It should also be underscored that the deontic appearance of ordinary epistemic discourse seems to have a distinctively categorical flavor; that is, the phenomenology of our everyday talk and thought about duties, obligations, oughts, seems to imply the existence of categorical duties and obligations such as duties that are in some sense unconditional, that is independent of our psychology (desires, dispositions, beliefs,) and constrain what we ought to believe insofar as we are rational. For example, if a speaker utters, “You should believe that p” in an ordinary conversational context her statement would, typically, conversationally implicate that it is an (epistemic) fact of sorts that “You should believe that p.” A fortiori, the conversational implication is that anyone epistemically rational would be obliged to believe that p because it constitutes a categorical epistemic obligation (derivative of a corresponding epistemic fact).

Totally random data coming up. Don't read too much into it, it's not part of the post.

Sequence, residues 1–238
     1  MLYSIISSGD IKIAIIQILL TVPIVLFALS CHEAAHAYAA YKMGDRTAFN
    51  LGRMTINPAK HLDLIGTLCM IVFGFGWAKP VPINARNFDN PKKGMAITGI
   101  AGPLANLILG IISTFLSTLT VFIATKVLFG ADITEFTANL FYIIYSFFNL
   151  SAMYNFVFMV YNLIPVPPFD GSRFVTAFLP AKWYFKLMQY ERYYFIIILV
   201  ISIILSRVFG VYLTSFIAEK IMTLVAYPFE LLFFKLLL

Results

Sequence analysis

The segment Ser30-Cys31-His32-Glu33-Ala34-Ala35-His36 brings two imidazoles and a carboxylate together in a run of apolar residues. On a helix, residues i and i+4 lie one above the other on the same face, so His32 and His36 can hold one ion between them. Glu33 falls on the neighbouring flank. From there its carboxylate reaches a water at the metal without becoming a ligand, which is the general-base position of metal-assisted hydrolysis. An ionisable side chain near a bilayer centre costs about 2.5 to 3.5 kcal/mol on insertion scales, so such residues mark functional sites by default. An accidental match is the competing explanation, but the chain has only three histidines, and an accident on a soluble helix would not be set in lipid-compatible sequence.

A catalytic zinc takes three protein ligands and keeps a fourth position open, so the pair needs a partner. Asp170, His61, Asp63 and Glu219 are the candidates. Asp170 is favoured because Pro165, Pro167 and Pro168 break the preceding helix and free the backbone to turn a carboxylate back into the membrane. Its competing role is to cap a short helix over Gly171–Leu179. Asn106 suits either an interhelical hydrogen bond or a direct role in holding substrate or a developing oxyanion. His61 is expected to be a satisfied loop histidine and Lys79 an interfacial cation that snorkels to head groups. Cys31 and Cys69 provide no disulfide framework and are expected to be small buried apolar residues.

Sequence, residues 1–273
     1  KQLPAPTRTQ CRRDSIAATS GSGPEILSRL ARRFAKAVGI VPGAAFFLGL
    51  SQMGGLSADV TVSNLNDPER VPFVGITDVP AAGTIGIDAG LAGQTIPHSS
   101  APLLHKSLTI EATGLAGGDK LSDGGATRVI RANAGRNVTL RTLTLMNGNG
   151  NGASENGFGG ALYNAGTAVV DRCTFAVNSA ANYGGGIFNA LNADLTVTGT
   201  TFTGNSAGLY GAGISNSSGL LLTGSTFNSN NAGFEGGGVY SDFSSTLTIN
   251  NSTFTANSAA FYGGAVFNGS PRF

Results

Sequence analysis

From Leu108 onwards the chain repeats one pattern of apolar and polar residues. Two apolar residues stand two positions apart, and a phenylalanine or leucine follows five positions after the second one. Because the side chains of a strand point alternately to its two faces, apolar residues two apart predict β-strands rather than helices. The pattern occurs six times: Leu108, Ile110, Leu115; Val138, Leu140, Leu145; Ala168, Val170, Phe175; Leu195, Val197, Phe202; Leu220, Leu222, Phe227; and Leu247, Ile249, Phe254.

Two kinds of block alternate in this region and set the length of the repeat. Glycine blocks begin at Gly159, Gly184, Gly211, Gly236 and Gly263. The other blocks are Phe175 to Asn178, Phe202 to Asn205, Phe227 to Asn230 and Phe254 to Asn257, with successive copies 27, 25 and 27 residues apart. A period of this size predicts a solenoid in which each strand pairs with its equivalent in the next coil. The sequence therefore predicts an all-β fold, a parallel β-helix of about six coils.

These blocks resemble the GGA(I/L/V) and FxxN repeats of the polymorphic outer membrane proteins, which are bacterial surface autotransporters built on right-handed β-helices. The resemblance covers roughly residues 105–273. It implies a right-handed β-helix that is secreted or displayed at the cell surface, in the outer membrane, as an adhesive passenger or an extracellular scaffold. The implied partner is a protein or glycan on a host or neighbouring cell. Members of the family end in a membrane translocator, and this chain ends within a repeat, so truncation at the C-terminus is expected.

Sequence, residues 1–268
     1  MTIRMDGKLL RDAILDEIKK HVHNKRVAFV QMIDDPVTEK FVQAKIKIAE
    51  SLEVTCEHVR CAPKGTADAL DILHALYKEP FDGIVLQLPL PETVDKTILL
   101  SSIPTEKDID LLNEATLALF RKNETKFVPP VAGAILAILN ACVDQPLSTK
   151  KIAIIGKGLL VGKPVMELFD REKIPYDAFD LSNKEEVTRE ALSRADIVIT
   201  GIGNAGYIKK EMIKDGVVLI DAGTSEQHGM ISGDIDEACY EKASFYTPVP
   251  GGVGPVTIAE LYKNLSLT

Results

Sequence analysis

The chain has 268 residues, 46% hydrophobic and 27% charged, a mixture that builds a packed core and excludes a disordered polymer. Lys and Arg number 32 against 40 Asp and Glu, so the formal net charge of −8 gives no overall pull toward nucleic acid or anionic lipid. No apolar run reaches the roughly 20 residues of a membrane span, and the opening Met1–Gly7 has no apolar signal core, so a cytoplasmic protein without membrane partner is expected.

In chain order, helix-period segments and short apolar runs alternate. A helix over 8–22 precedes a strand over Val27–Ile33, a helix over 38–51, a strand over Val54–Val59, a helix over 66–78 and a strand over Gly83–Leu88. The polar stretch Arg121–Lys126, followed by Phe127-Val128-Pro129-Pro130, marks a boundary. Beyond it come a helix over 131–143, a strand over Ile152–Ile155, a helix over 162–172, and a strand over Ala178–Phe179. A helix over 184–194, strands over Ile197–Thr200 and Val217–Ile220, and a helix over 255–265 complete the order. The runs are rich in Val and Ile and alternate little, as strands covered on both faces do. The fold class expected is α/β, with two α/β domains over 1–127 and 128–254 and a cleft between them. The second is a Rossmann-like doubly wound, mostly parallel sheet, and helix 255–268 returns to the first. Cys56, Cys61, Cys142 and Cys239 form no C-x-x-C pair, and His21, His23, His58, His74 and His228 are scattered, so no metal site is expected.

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The Way We Think: Conceptual Blending and the Mind's Hidden Complexities. Basic Books. Fauconnier and Turner. 2000. Amalgami: Introduzione ai Network di integrazione concettuale. Urbino: Quattroventi. [Italian version of "Conceptual Integration Networks." Tr. Marco Casonato, Antonino Carcione, and Michele Procacci. A volume in the series Neuroscienze cognitive e psicoterapia .] Fenton, Brandon . 2008. Character and Concept: How Conceptual Blending Constrains Situationism. VDM Verlag. Fauconnier, Gilles . 1997. "Blends." Chapter 6 of Mappings in Thought and Language. Cambridge University Press. Harbus, Antonina. 2012. Cognitive Approaches to Old English Poetry . D. S. Brewer. [Chapter 3 is called “Conceptual Blending.” “The creation and processing of metaphor is one instance of what has become known as 'conceptual blending'. . This theory is probably the most important concept to cross over from Cognitive Science to Literary Studies . .”]